Donald Trump Is a Political Aberration: Rather Than Hiding his Wealth and Elite Education, He Flaunts it

Republican Presidential candidate Donald Trump unabashedly touts himself as being "really rich." According to Forbes Magazine, Trump even exaggerated his net worth, alleging to be worth almost $9 billion. Forbes pegs the number at just $4.1 billion. Trump brags that he went to a top tier school, the Wharton School of Business, and even sings the praises of an uncle who taught at MIT, John G. Trump. Republican Presidential candidate Donald Trump told CNN, "It's in my blood. I'm smart. Great marks. Like really smart." Trump even showcased his private jet at the Iowa State Fair by taking children for a ride.

Trump is the antithesis of the American politician. Most politicians who come from patrician backgrounds try to play down their heritage. They sometimes awkwardly try to play the role of an ordinary citizen. On the flip side, those politicians who hail from more modest circumstances often try to play up their humble origins rather than emphasizing their current financial situation.

For example, former Arkansas Governor Mike Huckabee discusses his modest rearing in Hope, Arkansas, writing: "I think it's home," rather than showcasing his Florida abode assessed at over $3 million. Donald Trump, by boasting of his wealth, family, and his esteemed relative at MIT, is entering into uncharted territory in Presidential politics.

The greatest rouse for a politician from a patrician upbringing effectuating a narrative of being a regular guy from a humble background was perpetuated by William Henry Harrison. Harrison was elected President in 1840 by emphasizing the fact that he once lived in a log cabin. In reality, Harrison lived in a log cabin for just a brief period after leaving government service.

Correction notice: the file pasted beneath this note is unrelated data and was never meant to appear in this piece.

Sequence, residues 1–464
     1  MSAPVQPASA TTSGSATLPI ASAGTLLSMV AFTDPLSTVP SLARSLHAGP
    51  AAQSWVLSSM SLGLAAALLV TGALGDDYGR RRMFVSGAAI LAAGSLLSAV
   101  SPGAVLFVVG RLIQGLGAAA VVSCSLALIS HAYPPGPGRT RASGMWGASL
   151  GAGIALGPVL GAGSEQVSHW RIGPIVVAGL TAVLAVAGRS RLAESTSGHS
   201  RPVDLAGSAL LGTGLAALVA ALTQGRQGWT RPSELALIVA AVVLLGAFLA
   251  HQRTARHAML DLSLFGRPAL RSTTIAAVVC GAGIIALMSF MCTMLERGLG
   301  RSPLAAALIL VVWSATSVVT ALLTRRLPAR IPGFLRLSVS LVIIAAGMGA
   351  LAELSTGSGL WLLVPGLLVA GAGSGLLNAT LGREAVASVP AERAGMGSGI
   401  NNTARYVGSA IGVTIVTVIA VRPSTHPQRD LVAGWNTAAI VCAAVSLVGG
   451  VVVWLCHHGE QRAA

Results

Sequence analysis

Some of his handlers spread the yarn that he was actually born in a long cabin. In fact, one of Harrison's supporters, whisky distiller E.G. Booze, sold whisky in log cabin-shaped bottles during the campaign to promote this master narrative (This is where the word "booze" came from). Harrison dressed down in public, styling himself as an average American. In actuality, Harrison grew up as a man of means. His father was once the Governor of Virginia. The ploy worked swimmingly. Harrison was elected President in an electoral landslide.

A hundred years later, in 1940, the Republican Presidential nominee, Wendell Willkie, often talked of his roots. Willkie was reared in the small blue-collar town of Elwood, Indiana. He rarely mentioned that both of his parents were lawyers. Willkie presented himself as a barefoot farm boy who made good, becoming a Utilities Executive. Willkie did not mention the connections to Wall Street he developed in that roll. U.S. Interior Secretary Harold Ickies dubbed him: "The barefoot boy from Wall Street." Furthering this joke, Alice Roosevelt Longworth, the daughter of President Theodore Roosevelt, averred Willkie has: "grassroots of every country club in America."

There have been more recent examples of politicians downplaying their resumes in the interest of not appearing elitist. Lyndon B. Johnson actually did come from a modest background, but he often exaggerated it for political effect. While he was giving a tour of his birthplace, Johnson City, Texas, Johnson showed his visitors an old cabin and told them it was his birthplace. Johnson's mother, Rebekah Baines Johnson, said to him: "Why Lyndon, you know you were born in a much better house closer to town which has been torn down." Johnson replied: "I know mama, but everybody has to have a birthplace."